In the XML output, element and attribute fields are populated based on the values that are entered in the ISO Element Drawing settings dialog and in other data locations in the lens file. The XML output data may be saved to a file using the “Save As” button on the General tab.

Tolerance data in the ISO Element Drawing

Tolerance data can be directly entered in the ISO Element Drawing settings, by manually populating the appropriate “- tol” and “+ tol” columns, as well as relevant error entries, such as Form error. However, if you have already completed a tolerance analysis, then tolerances are already specified in the Tolerance Data Editor (TDE). In such cases, tolerances can be simply imported from the TDE by clicking “Reset from TDE”, in the General tab.

When “Reset from TDE” is pressed, tolerances on surface radius, form, tilt and decenters, and on material thickness and index are taken from the TDE. Note that only operands TRAD, TCUR, TFRN, TCON, TTHI, TIND, TABB, TSTX, TSTY, TSDX, TSDY, TIRR, TEZI, and TWAV are considered. If a tolerance is not provided, then it’s set to zero in the ISO Element Drawing settings, and it will not appear in the drawing.

Below is a list of the tolerancing operands used in the sample file provided, and where is the tolerance translated in the output of the ISO Element Drawing.

  1. TTHI, is a tolerance on the thickness, hence associated with the relative position of surfaces. In this example, this represents a tolerance on the singlet thickness, and therefore appears in the Material tab of the ISO Element Drawing. In the output, this tolerance is shown in the cross section drawing itself, where the Thickness is specified.
  2. TRAD is used to tolerance directly the radius of curvature, so it appears in the Code 3-4 tab of the ISO Element Drawing. In the output, this tolerance is shown in the first line of the relevant surface properties, where the value of the Radius is specified.

  3. TIRR is used to tolerance surface irregularity, and it also appears in the Code 3-4 tab of the ISO Element Drawing. In the output, this tolerance is shown in the surface properties, close to the “3/” entry, which represents form tolerances. Note that TIRR operand is specified at a given test wavelength (specified via TWAV operand), so the test                    wavelength is also reported close to the irregularity value.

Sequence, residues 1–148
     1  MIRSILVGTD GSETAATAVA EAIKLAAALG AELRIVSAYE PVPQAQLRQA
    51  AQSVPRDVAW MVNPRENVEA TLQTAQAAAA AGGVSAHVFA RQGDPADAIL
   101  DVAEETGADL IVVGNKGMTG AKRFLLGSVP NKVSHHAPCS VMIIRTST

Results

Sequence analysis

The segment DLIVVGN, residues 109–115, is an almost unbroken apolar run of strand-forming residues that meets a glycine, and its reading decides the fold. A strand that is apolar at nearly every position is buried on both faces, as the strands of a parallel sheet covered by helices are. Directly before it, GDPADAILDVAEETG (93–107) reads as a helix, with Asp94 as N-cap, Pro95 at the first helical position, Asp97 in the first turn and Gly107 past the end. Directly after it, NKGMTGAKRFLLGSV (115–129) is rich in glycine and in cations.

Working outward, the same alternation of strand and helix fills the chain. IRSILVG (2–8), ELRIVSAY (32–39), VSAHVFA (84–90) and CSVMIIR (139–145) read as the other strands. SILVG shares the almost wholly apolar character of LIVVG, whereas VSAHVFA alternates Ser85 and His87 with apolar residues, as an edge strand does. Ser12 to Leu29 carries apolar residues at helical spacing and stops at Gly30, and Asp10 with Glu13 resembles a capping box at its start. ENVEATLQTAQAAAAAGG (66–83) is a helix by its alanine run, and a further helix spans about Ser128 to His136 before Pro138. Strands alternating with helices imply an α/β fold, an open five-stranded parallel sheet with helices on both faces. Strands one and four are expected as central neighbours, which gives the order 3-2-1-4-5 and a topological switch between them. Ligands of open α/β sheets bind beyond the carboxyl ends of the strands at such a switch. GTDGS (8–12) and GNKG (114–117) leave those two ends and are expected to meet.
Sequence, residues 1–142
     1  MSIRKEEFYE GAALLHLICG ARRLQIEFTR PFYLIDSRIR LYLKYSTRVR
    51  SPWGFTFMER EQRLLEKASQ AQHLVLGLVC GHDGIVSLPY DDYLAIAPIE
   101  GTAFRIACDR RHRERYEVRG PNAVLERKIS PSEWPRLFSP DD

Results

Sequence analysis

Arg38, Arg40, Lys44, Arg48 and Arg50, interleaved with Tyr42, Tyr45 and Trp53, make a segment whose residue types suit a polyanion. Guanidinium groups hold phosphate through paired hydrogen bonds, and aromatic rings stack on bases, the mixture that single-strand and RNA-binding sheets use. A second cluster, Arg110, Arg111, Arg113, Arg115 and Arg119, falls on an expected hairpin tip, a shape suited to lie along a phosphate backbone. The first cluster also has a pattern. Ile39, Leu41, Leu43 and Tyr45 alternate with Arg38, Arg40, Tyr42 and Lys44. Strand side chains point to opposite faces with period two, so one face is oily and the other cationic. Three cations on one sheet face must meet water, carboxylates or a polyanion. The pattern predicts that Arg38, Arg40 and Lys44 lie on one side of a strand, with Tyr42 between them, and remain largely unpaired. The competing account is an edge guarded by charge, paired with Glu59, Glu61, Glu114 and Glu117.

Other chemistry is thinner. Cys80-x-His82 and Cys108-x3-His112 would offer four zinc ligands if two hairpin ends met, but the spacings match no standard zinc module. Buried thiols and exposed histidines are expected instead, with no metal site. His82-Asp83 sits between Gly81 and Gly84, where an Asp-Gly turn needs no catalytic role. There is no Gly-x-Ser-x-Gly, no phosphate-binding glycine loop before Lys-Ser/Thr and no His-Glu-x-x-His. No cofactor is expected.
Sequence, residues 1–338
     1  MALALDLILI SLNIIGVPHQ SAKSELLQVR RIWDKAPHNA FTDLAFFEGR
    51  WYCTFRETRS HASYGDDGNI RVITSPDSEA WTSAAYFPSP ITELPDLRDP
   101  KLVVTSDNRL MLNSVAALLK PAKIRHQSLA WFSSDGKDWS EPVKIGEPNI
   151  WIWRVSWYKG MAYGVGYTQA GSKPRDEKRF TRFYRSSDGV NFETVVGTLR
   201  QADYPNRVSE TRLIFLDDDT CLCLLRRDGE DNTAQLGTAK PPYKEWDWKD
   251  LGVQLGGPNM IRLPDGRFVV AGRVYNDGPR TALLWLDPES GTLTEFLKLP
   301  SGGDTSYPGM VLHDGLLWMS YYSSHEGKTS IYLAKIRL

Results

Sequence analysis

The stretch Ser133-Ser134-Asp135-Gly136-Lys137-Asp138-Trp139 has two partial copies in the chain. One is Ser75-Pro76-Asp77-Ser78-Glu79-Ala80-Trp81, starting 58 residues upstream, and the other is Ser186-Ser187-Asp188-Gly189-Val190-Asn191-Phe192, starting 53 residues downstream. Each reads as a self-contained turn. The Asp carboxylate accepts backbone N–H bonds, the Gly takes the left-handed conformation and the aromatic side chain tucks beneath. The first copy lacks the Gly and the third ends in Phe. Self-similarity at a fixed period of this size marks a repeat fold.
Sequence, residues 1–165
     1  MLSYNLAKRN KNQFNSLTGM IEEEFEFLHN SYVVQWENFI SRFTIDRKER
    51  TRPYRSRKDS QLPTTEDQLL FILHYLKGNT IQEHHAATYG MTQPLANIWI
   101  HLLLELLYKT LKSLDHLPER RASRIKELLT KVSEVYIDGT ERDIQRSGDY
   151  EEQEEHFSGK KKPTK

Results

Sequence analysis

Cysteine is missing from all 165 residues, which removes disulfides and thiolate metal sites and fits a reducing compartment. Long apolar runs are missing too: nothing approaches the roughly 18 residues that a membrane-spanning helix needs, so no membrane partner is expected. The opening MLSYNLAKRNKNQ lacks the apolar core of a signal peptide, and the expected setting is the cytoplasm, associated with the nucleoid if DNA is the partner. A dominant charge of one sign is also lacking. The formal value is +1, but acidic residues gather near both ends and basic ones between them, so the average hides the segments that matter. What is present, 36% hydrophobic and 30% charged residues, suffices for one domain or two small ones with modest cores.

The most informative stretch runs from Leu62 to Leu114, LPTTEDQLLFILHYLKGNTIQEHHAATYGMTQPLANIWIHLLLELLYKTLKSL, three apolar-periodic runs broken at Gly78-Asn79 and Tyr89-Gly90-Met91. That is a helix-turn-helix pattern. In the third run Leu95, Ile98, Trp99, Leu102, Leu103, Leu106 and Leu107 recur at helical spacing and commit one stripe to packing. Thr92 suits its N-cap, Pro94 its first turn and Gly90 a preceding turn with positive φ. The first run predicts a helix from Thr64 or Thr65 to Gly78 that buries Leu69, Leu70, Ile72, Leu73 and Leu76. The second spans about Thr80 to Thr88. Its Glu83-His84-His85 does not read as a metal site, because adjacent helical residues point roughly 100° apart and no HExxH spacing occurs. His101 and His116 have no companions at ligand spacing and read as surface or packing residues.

4. TSDX and TSDY are used to tolerance surface decentration in X and Y, while TSTX and TSTY are used to tolerance surface tilts about the X and Y axes. These operands also appear in the Code 3-4 tab of the ISO Element Drawing. In the output, this tolerance is shown in the surface properties, close to the “4/” entry, which represents centering tolerances. It should be noted that TSTX and TSTY are specified in degrees, while the ISO Element Drawing output displays both tolerances in minutes of arc.

  5. TIND is the tolerance on index of refraction, and appears in the Material tab of the ISO Element Drawing. In the output, this tolerance is shown in the second line of the material properties, where the value of the refractive index is reported.

Finally, note that tolerancing operands TEDX, TEDY, TETX and TETY (representing the element decenters and tilts) are not reported in the ISO Element Drawing. These are assembly tolerances and can’t be specified in the drawing for a single element.

More detailed information about the tolerancing operands described above can be found in help file section The Tolerance Tab ...Tolerancing Group...Tolerance Data Editor...Tolerance Operands.

References

  1. “ISO 10110 Optics and Optical Instruments - Preparation of drawings for optical elements and systems: A User's Guide”, by Ronald K. Kimmel and Robert E. Parks, eds.
  2. OpticStudio help files

KA-01821